Jacqueline Beaudet’s Right Approach to Industry Change

Frenkel & Co.'s Jacqueline Beaudet shares what she's learned from going in-house at the international insurance brokerage firm and how she leverages changing technology and regulation to keep pace with insurance industry

Jacqueline Beaudet shifted gears when going in-house at Frenkel & Co., but the general counsel and senior vice president gained new perspective on industry trends thanks to her role at the international insurance brokerage firm that was founded in 1878.

With more than a century of experience behind it, the company’s legacy coupled with her own career history enables Beaudet to clearly see how client needs are changing and how data analytics are transforming insurance.

“When you’re in a law firm, you’re trained to take a position on behalf of a client,” Beaudet says. “You educate your client on the various possible outcomes of taking one path or another, but ultimately you are hired to advocate a certain position.”

Jacqueline Beaudet, Frenkel & Co.
Jacqueline Beaudet, Frenkel & Co.

That’s not to say that Beaudet doesn’t advocate for Frenkel, but she says the position of in-house general counsel definitely requires a different approach.

“You still have a client, but you have to be a little bit more neutral in your positions,” Beaudet says. “The business side of issues becomes a lot more important, so you’ll have a legal side of something and a business side, and those two sides may not always be in concert. I’m trying to be almost a neutral arbitrator of an issue.”

Beaudet says it was unexpected, but she enjoys the new approach that she’s had to take to her job. “That was really interesting when I first came over. I don’t know that I expected it to be so pronounced,” Beaudet says. “But it was, and I think that’s ultimately become what I like most about being in-house: being faced with an issue and looking at it holistically and then helping implement the solution.”

Another aspect that Beaudet has had to conquer in working for an insurance firm is her risk-averse nature. “It’s a little bit of a joke among senior management here,” Beaudet says. “I’m not someone who makes decisions without really, really appreciating the risks associated with what’s in front of me.”

In that sense, working in the insurance industry has challenged Beaudet to grow. “It’s been interesting because I’ve had to let go some of that as I’ve gotten closer to the business and operational side of things,” Beaudet says. “I’ve had to be more willing to take risks, and it’s been education for me to test the boundaries of my comfort zone as issues arise.”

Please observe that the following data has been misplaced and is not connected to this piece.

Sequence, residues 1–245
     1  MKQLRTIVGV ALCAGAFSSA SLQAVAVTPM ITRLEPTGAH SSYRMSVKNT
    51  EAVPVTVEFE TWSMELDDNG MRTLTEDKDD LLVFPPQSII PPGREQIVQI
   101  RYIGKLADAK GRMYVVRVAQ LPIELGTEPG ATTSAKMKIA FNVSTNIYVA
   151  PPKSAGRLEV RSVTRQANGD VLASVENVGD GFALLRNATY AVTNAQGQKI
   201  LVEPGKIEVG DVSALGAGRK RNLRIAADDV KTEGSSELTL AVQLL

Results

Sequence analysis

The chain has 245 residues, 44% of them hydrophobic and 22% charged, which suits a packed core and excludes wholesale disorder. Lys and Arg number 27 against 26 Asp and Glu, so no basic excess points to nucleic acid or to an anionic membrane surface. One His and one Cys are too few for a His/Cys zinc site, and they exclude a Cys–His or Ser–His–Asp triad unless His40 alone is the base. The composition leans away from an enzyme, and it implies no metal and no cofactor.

Fortunately for Beaudet, one of the major trends in the insurance industry gives her plenty of information to educate herself about what’s going on and analyze risks. “I think the biggest trend on the insurance front is this whole data analytics concept,” Beaudet says. “Insurance carriers and brokers are sitting on enormous amounts of information and data.”

The next big question in insurance revolves around the most efficient way to harness that data to be better brokers and underwriters going forward, according to Beaudet, who adds that the increase in available data has made pricing less of a guessing game. “Having all this data and being more analytical about risk really enables you to be a better partner,” she says. “It enables people to better understand a particular risk, be more consultative, and be more analytical for a client.”

The result has been a steadier insurance market. “The increase in available data will make pricing less of a guessing game,” Beaudet says. “As insurance carriers are better able to price risk through increased analysis of data, I think we will see the cyclical nature of the industry change. As brokers, we hope that carriers will handle claims more efficiently and develop more creative products and that price will become less of a differentiator.”

“The biggest trend on the insurance front is this whole data analytics concept. Insurance carriers and brokers are sitting on enormous amounts of information and data.”

People often talk about Google and Amazon in the data conversation, according to Beaudet. She recognizes that these major online companies have a ton of data and wonders if they are going to get into the insurance game—but she’s not worried about the competition if they do.

“One way that we’ll differentiate ourselves going forward is to be able to partner with our clients and say, ‘We harnessed all this data. We know your risk. We know how to minimize it, and we have invested in resources to help you manage that risk. We can use what we know to get you the best coverage for the best price,’” Beaudet says. “It’ll give us more of a consultative approach to a client.”

Employment law is another big part of Beaudet’s job, and there’s no doubt technology has also changed the way her team works. “People are accessible all the time, everywhere,” Beaudet says. “So we’re seeing a lot of issues right now with wage and hour laws. If people are nonexempt (meaning they qualify for overtime compensation) and they’re on their phones, or they’re checking e-mails, do we have wage and hour issues? Technology has really changed the dynamic of the workforce, because you don’t have to be tied to your desk anymore.”

Employment law changes almost as much as technology evolves, and Beaudet has found keeping up with new laws takes up quite a bit of her time. “The employment laws are something that we are continuously dealing with,” Beaudet says. “They are different by city, state, and federal, so as a multistate employer, making sure our company is compliant with everything takes up a lot more time than I had expected.” Fortunately, Beaudet is up to the challenge.